Theory Behind the CYPMH Referral System Management Tool

The CREST is based on the principles of queueing theory.  Queueing theory / queue analysis is the mathematical study of waiting lines, or queues. It uses a measure called 'erlang' to describe utilisation of an available capacity in a queue. They are named after a Danish mathematician who invented the fields of traffic engineering and queuing theory in the early 1900’s. 

Erlang is actually a 'family' of equations that are useful for different aspects of queue planning and you may see examples of Erlang equations and approaches more often applied or described in relation to Network Traffic, call handling in call centres and telephone exchanges. The equations can also be applied across many aspects of healthcare planning as well.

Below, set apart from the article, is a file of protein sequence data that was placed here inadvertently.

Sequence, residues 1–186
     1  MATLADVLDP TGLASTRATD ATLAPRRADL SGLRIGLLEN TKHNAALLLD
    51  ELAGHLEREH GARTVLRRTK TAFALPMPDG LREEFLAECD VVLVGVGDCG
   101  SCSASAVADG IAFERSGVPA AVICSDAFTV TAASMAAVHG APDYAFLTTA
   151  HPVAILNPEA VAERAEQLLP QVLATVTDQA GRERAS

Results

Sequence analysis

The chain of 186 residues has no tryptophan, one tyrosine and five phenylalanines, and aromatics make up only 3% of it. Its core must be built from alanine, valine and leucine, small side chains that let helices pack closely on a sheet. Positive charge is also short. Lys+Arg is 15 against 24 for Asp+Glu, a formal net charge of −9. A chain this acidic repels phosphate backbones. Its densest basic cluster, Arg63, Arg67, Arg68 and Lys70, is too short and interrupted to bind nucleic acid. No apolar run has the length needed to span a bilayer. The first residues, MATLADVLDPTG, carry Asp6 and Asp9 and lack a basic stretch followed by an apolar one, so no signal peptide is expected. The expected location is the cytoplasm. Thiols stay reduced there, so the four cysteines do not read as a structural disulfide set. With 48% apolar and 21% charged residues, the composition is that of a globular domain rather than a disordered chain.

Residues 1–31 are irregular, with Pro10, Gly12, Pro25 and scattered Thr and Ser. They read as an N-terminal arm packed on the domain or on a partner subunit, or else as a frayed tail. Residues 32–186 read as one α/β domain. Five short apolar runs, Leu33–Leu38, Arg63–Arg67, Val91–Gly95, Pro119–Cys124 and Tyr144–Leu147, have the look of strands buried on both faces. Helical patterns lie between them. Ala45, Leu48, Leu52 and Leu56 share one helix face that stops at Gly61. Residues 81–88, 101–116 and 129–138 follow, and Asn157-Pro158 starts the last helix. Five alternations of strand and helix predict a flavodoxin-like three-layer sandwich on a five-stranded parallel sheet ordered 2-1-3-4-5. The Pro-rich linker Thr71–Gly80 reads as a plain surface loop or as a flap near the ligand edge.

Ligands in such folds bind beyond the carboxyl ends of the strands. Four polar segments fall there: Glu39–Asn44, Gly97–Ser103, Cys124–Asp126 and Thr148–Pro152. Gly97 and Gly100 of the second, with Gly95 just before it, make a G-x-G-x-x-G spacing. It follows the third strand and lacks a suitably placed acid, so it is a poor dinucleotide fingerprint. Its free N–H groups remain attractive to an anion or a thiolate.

Think of Erlang as a translator box, where you put in values like calls per hour, handle times, and number of agents available. These are “deterministic” values, in that they are easily measured. The outputs from the translator box provides answers to “probabilistic” questions such as, “What are the odds a call will have to wait in a queue?” or “What are the odds a call will wait more than 30 seconds?”. This is the 'engine' of the CREST.

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When applying Erlang calculations to healthcare settings, we are translating 'calls per hour', 'handling times' and 'number of Agents' to 'referrals per week', 'points of contact' and 'number of appointments/beds available'.

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